Milling Vises

You will need a good quality milling vise when you get your mill since it is the most convenient way to hold your workpiece for many operations.

A milling vise is generally much heavier and more prescisely made than your typical bench or drill press vise, but high quality drlll press vises, such as those made by Palmgren, can serve as a milling vise if you already have one.


Grizzly Milling Vises

Grizzly sells a several models, with the 2 5/8″ G9002 being the “standard” for the mini-mill. I wanted a little more capacity and mass, so I got the 3 1/2″ and it has worked very well for me. Here’s the 3 1/2″ Grizzly milling vise mounted on the mini-mill:

Grizzly 3 1/2″ milling vise, G5971


I painted the shaft day-glo orange because it protruded out from my workbench, creating a potential safety hazard. The paint lasted about 4 days. I don’t use the Grizzly vise on the mill much anymore (see below) so this has not been a problem.


Craftsman Angle Vise

I already had a Craftsman angle vise for my drill press and it is sturdy enough to use on the mill. Though not as accurate as a real milling vise, it does come in handy when I need to mill something at an angle, so I use it often.


Enco Precision Machinist’s Vise

Later I bought a precision machinist’s vise, item 428-9126, from Enco for around $70 on sale. It has a jaw width of 2 7/8″ and opens to 4 1/2″. I like it so much that I rarely use the Grizzly 3 1/2″ vise anymore.

This type of vise has precision ground surfaces that are flat and parallel to better than .001 on all sides, which makes it a lot easier to square up your work and to hold very small or very thin work. If I had to do it over, I would just buy this vise and not the Griz.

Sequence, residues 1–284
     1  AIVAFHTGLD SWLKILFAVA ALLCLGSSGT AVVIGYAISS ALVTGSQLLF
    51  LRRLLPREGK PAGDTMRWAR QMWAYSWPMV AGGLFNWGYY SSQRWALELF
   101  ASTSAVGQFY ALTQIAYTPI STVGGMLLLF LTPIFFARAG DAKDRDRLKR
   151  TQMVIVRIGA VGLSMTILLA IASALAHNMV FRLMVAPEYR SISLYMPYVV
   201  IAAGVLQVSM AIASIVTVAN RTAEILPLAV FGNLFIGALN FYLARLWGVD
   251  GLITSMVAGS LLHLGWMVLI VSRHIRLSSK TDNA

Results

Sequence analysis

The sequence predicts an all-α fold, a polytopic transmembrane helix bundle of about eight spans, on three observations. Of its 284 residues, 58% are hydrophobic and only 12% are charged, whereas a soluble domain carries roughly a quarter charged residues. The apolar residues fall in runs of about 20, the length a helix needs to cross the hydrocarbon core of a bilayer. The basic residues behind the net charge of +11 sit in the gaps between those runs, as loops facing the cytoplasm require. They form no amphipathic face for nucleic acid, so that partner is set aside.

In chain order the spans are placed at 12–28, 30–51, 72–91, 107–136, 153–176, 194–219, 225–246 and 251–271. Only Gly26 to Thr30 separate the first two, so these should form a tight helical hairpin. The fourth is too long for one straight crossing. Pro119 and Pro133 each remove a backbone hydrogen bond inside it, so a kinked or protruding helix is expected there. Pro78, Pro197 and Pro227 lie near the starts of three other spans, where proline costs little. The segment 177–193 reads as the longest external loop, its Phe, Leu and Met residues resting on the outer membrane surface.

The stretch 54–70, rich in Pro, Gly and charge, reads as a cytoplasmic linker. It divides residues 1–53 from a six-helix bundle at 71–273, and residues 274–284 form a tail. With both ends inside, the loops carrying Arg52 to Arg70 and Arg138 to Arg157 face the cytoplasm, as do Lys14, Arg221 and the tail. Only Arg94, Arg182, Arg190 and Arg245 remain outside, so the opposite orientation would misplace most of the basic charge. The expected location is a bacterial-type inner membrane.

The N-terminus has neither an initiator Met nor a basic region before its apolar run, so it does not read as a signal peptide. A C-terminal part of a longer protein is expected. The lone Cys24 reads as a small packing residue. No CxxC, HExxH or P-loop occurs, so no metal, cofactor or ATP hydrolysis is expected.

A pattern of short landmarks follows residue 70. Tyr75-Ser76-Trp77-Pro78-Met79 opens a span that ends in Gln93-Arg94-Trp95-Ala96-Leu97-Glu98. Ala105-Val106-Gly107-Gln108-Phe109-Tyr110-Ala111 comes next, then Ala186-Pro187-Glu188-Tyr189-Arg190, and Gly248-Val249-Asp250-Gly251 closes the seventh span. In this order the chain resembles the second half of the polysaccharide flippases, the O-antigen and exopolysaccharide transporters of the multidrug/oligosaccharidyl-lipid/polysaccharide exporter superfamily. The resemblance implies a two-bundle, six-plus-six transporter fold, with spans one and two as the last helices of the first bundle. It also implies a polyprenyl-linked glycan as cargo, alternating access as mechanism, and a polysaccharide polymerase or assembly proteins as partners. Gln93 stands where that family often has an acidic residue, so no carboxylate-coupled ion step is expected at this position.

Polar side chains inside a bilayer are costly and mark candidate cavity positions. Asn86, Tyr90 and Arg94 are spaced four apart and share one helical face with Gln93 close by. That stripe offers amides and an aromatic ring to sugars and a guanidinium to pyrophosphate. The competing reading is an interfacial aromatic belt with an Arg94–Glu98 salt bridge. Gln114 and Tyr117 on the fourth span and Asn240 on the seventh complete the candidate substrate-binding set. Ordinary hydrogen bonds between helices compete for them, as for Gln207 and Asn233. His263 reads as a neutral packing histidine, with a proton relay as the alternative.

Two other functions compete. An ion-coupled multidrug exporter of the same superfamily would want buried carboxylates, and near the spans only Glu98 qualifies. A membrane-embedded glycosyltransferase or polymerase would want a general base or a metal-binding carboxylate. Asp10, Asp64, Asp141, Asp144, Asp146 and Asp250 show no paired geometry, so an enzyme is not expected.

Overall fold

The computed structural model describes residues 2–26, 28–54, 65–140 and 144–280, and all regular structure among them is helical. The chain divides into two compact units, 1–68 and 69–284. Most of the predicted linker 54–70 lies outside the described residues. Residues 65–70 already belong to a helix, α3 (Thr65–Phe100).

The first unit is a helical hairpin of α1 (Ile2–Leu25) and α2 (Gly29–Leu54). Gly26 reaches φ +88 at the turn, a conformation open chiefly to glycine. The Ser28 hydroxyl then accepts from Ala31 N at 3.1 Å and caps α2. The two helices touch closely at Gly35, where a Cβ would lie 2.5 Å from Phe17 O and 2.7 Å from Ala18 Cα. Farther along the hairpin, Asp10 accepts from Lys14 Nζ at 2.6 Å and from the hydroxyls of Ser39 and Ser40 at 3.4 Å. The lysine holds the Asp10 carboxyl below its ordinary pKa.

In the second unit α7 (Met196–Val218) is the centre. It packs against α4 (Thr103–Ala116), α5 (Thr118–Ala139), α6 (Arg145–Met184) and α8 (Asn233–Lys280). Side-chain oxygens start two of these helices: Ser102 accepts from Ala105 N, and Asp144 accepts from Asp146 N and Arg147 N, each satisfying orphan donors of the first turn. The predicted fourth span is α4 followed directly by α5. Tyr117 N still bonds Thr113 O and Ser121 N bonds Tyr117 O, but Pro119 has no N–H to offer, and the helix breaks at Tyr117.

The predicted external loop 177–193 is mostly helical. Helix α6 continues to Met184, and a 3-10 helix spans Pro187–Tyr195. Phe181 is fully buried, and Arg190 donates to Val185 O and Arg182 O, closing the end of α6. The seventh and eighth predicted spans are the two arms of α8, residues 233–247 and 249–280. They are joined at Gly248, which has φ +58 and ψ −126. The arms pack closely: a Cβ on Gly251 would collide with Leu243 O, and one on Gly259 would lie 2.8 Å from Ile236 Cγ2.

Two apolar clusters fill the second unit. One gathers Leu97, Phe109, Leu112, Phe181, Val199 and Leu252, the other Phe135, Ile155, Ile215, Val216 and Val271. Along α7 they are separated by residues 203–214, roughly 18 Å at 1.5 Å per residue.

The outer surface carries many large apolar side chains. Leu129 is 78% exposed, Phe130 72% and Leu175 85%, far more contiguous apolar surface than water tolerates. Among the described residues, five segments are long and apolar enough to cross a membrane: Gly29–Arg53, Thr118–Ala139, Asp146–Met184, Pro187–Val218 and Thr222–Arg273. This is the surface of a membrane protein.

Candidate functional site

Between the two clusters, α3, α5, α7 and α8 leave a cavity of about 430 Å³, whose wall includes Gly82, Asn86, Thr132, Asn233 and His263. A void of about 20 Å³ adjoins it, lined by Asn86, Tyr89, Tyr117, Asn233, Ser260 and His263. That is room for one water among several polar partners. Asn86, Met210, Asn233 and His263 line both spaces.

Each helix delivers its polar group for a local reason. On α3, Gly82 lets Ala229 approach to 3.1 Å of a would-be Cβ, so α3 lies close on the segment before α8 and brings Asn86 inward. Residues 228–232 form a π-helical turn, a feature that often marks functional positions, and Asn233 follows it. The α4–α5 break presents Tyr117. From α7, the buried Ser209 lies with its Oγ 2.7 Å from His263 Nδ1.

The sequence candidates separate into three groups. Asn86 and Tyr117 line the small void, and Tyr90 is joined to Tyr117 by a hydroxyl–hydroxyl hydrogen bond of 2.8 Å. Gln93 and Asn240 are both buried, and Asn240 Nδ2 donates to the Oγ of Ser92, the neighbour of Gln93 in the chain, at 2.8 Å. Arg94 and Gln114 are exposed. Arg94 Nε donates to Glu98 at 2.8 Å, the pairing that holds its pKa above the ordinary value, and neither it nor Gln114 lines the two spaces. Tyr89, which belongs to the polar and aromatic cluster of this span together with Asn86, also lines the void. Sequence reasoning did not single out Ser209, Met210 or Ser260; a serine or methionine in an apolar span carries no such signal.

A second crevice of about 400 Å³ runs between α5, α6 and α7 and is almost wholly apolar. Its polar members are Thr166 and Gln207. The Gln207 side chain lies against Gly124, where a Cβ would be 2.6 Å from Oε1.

If you visit the Enco website and look at the vise page, they show two styles of machinist’s vise: A and B, neither of which looks like mine. Style B is listed for the 428-9126 part number and for others of the same style with different dimensions.

On 4/18/02, Ron Moeller confirmed with Enco that style B is (at this time, at least) the same as mine, shown above. Here’s his message:

This is a photo ENCO sent me 2 days ago re: 428-9126 screwless vise which shows the clamping groove. They sent me the photo after a specific request regarding where the clamping grooves were.


This type of vise is a little different from a regular bench or milling vise in that a socket head cap screw is used to tighten the jaws. This can be a finicky at times, as there is a sort of cross-bar arrangement underneath the vise in which the cross-bar, which is attached to the screw, drops into the nearest of several slots cast into the underside of the vise.

Finding the right slot is problematic: sometimes the slot is too far back and you after tightening the movable jaw as far as it will go, you still have not clamped the workpiece down. Other times you end up loosening the screw until it drops the cross bar.

The problem is that you can’t see the cross bar, or how far the screw is engaged. It’s really a minor annoyance, at most, and someday maybe I’ll figure out a system for dealing with it. Because the movable jaw is designed to stay exactly parallel to the fixed jaw, it is sometimes difficult to securely clamp work in which the sides are not parallel.

Some versions of these vises have a series of holes along the side intead of a groove. Rick Kruger got one of that type some time back and attempted, with great difficulty, to mill grooves along the side so that he could mount it to the table.

The metal in these vises is pretty hard and can’t be machined by ordinary HSS tools, and Rick broke at least one milling cutter in his attempt. (Photos below by Rick Kruger).


Chris Woods, of has posted a great way to mount this type of vise:


LMS 3″ Precision Milling Vise sells a nice looking 3″ “Kurt-style” vise ($99.95 04/02) that is sized about right for the mini-mill. I have not used this one, but it has gotten favorable feedback on the 7x group. LMS offers a few other vises, so check their web site.


It’s bigger than you might guess from the picture. Here’s a photo of it mounted on the mini-mill: (I can’t remember who posted this picture – if you are the owner, let me know & I’ll post a photo credit):